Company cars to be taxed on price

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The Independent Online
AN OVERHAUL of the way company cars are taxed, aimed at penalising drivers of expensive models, will be proposed today by the Government.

A consultative document from the Inland Revenue is expected to recommend that the present system of taxing company cars according to their engine size be scrapped in favour of a banding system based on price.

The proposals come just two days before K-registered cars go on sale with the depressed motor industry looking for a revival in August registrations to revive its flagging fortunes.

Changes in the method of taxing the company car perk were foreshadowed in the last Budget. Norman Lamont, the Chancellor, described the present system as arbitrary and unfair and announced that the Inland Revenue would be issuing a consultative document this summer.

At present tax scale charges vary according to engine size on cars costing up to pounds 19,250. Beyond that they are based solely on price. For instance, a driver on basic rate tax driving a 1600cc car an average number of business miles a year pays pounds 13.32 a week in tax.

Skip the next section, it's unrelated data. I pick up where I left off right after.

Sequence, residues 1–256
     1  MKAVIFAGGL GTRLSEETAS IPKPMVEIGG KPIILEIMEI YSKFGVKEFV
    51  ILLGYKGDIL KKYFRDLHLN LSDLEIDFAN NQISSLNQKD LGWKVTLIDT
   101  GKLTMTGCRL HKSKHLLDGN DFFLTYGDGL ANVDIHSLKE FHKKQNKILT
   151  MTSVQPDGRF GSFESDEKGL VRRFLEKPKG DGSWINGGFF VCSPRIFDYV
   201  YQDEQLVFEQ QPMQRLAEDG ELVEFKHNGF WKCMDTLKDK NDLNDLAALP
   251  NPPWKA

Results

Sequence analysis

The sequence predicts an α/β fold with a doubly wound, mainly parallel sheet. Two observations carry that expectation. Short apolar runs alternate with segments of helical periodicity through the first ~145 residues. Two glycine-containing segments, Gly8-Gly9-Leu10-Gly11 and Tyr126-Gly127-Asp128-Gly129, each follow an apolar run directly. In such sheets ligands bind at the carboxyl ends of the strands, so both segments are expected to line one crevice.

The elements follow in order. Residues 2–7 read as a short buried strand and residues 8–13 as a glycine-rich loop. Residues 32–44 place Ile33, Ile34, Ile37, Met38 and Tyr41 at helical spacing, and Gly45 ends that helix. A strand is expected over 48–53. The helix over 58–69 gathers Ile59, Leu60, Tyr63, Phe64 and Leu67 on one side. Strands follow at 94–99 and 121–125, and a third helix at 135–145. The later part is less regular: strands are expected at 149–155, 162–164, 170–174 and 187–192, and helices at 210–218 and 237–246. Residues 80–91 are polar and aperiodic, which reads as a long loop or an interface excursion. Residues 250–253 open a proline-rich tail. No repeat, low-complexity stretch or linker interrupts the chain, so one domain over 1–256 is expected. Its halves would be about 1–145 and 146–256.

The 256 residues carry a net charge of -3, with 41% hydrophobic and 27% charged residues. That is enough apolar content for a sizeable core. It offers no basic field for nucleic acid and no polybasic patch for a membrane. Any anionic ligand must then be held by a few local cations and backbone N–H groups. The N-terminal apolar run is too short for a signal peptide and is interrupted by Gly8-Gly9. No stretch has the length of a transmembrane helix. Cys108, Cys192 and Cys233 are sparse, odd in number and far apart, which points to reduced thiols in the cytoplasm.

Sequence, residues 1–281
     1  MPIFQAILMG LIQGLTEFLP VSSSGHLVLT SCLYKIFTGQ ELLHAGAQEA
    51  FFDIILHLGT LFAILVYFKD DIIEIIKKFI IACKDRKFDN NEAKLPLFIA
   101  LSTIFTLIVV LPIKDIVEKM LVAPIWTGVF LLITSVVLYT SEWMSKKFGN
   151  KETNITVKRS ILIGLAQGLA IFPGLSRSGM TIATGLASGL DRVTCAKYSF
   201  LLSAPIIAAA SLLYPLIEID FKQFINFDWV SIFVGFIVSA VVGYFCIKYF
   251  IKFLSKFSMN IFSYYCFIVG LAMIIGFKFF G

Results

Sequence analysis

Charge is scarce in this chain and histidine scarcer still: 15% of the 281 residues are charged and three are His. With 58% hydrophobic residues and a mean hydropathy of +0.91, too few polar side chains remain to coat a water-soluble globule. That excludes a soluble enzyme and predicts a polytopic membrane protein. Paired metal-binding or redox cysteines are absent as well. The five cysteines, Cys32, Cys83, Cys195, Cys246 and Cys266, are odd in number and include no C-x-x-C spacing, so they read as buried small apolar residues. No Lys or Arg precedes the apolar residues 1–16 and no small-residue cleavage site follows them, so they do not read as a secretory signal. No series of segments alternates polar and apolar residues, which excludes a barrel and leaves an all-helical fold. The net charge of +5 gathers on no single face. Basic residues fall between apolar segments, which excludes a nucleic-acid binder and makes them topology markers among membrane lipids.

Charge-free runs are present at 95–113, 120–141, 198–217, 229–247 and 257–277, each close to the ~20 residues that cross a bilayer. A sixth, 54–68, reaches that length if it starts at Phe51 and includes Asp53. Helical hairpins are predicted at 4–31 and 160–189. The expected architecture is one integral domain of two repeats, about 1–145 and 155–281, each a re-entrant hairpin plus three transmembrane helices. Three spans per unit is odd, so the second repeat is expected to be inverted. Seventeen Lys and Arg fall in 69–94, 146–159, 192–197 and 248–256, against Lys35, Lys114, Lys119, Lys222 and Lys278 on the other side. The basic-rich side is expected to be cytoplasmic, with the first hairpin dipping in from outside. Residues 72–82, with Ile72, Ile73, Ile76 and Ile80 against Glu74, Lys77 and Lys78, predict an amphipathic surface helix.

But the system has been widely criticised because it discriminates against both diesel-engined cars and luxury models such as Jaguars and causes car sales to bunch just below the lower scale charges.

The motor industry is likely to be disappointed by the new proposals because it had lobbied for a system where tax was levied on a straight percentage of the price of the car with a cut-off point for very expensive models.

What was not clear last night is the number of price bands the Inland Revenue plans to introduce and at what prices they will be introduced. Treasury sources said, however, that the intention was to benefit those with cheaper cars at the expense of drivers of expensive models.

Industry sources said that linking taxation to price bands would mean 'exchanging one faulty system for another'. This would distort the market, hamper sales and threaten jobs.

The consultation period will last until November and the earliest the new system could be introduced is in next year's Budget.

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